"In the clinical, highly formalized manner that has become his signature in such films as Benny's Video (1992), Michael Haneke strips away from The Piano Teacher the romantic lushness of the generic melodrama to expose a cold, alienated social structure founded on abuse.  Adapted from Elfriede Jelinek's 1983 novel, the film delves into the psychosexual neuroses underlying, even generating, the intensity of classical art and the rituals we build around it.

"Isabelle Huppert gives the performance of her life as Erika Kohut, a respected but professionally unfulfilled piano teacher.  Erika pursues illicit behavior that society considers masculine, from gazing at hardcore porn to insisting on her sexual preferences.  But at every turn she is shunned or reviled, leading to extreme alienation and perversion.

"From the point that Erika and her infatuated student Walter (Benoit Magimel) connect, the film embarks on a relentless demonstration of the ways in which a man and a woman manage not to coalesce.  We witness a grim parade of refusals, frustrations, misunderstandings, and violations.  Throughout, Haneke engineers an odd, compelling kind of sympathy for Erika.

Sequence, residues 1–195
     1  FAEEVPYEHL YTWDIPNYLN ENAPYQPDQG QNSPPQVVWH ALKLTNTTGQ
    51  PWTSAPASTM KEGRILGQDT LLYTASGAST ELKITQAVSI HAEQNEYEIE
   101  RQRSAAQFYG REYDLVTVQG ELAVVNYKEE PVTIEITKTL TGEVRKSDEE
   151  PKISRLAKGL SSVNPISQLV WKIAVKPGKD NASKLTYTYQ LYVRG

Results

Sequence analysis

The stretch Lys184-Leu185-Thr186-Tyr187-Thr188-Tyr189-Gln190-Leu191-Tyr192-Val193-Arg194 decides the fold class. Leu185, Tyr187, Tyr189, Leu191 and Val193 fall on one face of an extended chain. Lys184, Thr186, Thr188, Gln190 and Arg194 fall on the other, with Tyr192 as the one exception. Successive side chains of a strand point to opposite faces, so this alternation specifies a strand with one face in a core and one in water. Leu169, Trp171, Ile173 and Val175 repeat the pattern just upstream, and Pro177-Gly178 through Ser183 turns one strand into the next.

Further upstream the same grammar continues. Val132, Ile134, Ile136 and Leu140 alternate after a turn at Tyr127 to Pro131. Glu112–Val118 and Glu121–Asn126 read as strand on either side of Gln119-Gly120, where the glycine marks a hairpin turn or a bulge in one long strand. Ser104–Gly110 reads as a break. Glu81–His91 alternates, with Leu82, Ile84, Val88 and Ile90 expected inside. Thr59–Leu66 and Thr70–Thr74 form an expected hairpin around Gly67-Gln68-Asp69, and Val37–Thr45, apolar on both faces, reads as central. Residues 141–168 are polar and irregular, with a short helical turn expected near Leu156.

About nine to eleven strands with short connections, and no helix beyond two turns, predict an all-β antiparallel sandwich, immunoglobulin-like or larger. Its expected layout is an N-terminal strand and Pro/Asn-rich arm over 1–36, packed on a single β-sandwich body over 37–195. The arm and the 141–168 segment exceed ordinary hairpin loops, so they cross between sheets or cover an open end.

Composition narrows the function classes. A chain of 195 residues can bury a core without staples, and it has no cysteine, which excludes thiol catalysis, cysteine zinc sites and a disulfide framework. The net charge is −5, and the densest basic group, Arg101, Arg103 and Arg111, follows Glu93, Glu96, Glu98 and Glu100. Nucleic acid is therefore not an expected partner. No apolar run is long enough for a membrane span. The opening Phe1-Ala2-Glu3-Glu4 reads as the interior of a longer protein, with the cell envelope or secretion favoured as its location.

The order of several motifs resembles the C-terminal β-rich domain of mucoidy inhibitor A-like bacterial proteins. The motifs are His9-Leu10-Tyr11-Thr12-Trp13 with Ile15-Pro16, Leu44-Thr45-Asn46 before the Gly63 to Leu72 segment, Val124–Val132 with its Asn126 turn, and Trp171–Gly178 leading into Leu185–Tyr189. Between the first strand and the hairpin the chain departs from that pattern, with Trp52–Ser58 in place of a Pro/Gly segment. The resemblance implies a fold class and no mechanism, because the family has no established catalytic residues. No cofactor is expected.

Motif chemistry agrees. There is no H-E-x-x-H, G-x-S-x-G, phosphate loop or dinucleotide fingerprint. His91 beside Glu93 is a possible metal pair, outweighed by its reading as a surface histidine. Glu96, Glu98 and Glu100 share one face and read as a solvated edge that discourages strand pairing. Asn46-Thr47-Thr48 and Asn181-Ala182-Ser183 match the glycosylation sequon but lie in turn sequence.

"The triumph of The Piano Teacher is to carefully place this interpersonal tragedy within the social contexts of patriarchy and high culture."

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Direct download: Episode_93_The_Piano_Teacher_2001.mp3
Category:general -- posted at: 12:00am CST

From Chris Fujiwara, 1001 Movies You Must See Before You Die:

"In this one-of-a-kind masterpiece by one of the greatest American directors, Victor Moore and Beulah Bondi play Bark and Lucy Cooper, an elderly couple faced with financial disaster and forced to throw themselves on the mercy of their middle-aged children.  The children's first step is to separate the two of them so that the inconvenience of hosting them can be divided.  Gradually, the old people's self-confidence and dignity are eroded, until they submit to an arrangement whereby one of them will stay in a nursing home in New York, and the other will go to California.

"Leo McCarey's direction in Make Way for Tomorrow is beyond praise.  All of the actors are expansive and natural, and the generosity McCarey shows toward his characters is unstinting.  He demonstrates an exquisite sense of when to cut from his central couple to reveal the attitudes of others, without suggesting either that their compassion is condescending or that their indifference is wicked, and without forcing our tears or rage (which would be a way of forfeiting them).  There is nothing contrived about McCarey's handling of the story, and thus no escaping its poignancy.